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i know what's right and what's wrong. i am cheerful and out going. it's hard for me to find the one that i want, but once i find the right person, i won't be able to fall in love again for a long time.


"Do what you love and you'll be good at it. Sounds simple enough. But what if you love reading comics, playing video games and watching korean dramas until your eyes pop out? Is it possible to make a career out of such things? What's the alternative? Spend all your time wishing you were brave enough to take that leap? Don't let fear stop you from doing what you love. Because ultimately, it's about being true to yourself."


Thursday, 15 April 2010

Poetry: Figures of Speech (part 1)


I still remember my poetry lecturer, Miss Sheena, explained about figures of speech in poetry class. All her lectures are still fresh in my memory and I don't know why suddenly I want to recall everything that she had taught us (but today I'm only intended to talk about the figures of speech). Maybe it's because I don't want to just learn something for the sake of exams. Do you know that learning or studying for the sake of getting good grades in examinations will bring you nowhere. You'll just stand or sit at the same point without moving anywhere. It shows that how valuable knowledge are and it's our job to grab it, treasure it and utilize it for the betterment of our life. For my BENL friends, let's recall what had been taught by Miss Sheena, so that it might help us to be more appreciative towards the beauty of English literature as we had learned during the past semester 2.

What are figures of speech?

Figures of speech are intentional departure from straight-forward, literal use of language for the purpose of clarity, emphasis or freshness of expression. Based on what I understand from Miss Sheena's lectures is that, usually, poets tend to include (not all) figures of speech in their poetry because they want to make their poems looked more attractive and interesting to be read by people. In addition, including figures of speech in their poetry, poets will be able to catch the readers' attention other than trying to convey the hidden messages inside their poems.

Basically, in poetry, there are as many as 15 figures of speech used by poets in their poems. They encompass metaphor, simile, personification, transferred epithet, apostrophe, allusion, hyperbole, understatement, metonymy, synecdoche, paradox, oxymoron, periphrasis, euphemism and pun.

Let's take a look at them one by one!

Metaphor & Simile

Although metaphor and simile are different from each other, but they are actually the same thing. This is because they share the same function as the figures of speech in poetry, which is comparing two different things.

The obvious thing that they are appeared to be different from each other is that, metaphor is an indirect comparison between two things. The things which are compared in a poem could be either a thing, idea or even an action as it refers to as being something else which it shares a common quality. For example, "He is a tiger" to indicate that he is as brave as a tiger. Another examples are, "You are my sunshine" and " Emily is the rose who attracted men."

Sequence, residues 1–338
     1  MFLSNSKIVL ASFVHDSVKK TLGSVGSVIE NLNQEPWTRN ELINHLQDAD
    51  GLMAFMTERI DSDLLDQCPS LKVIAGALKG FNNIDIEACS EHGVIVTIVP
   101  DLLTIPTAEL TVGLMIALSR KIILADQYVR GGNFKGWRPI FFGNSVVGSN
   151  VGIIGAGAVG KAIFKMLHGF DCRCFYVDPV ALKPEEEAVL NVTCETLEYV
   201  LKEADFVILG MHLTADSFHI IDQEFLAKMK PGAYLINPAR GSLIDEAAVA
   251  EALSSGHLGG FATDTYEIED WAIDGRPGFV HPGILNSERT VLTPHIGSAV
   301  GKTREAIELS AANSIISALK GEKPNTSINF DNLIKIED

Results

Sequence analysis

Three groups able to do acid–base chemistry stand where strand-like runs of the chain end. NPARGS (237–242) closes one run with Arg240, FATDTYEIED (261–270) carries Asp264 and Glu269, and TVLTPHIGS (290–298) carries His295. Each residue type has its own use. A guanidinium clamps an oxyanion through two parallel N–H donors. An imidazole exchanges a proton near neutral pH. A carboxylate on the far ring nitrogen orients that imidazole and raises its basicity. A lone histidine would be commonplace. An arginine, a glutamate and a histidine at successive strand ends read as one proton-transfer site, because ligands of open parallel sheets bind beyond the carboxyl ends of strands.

How about simile? Simile is a direct comparison between two different things, actions or feelings, with the use of a connective word such as 'like,' 'as,' 'resembles' and 'then.' Beware, if you find a statement that comparing two things with the absence of these connectors, they are no longer a simile, but a metaphor! Examples for simile are, "The surface of the table is whiter than a sheet," "She's like the moonlight during the night" and "John is as slow as a snail."

Personification & Transferred Epithet

As for these two, they are put under the same umbrella in which addressing attributes of something. Personification is when poets are transferring human qualities to an object, animal or abstract quality such as justice or love. Other than that, any inanimate objects which are given animal characteristics also known as personification. For example, "The singing birds cheer up her day" and "The moon is smiling at her."

Transferred epithet is when poets attributing a characteristic of one thing to another that is closely related to it. For example, "The angry bus honked at us as we crossed the busy street." The "angry bus" here doesn't indicate that the car is angry, instead the bus driver itself is angry with us. So, this is when transferred epithet occurs; when the attribute of an animate object (usually human's) is transferred to an inanimate object (like the bus in the above example).

Apostrophe & Allusion

Apostrophe is when poets addressing a thing or quality or even an absent (or dead) person as if it were present or alive and could reply. For example, "O Wild West Wind!" "O my dear roses!" and "O wake up all of you, dead people!"

Allusion is also used to address a thing. But the difference is it is a reference to another work of literature, an incident or a person (or character in a work of fiction). *Sorry, no specific examples for allusion. But I will include in here as soon as I've found the best example to illustrate allusion.

Next article: Hyperbole & understatement, metonymy & synecdoche, paradox & oxymoron, periphrasis & euphemism and pun.

To be continued...

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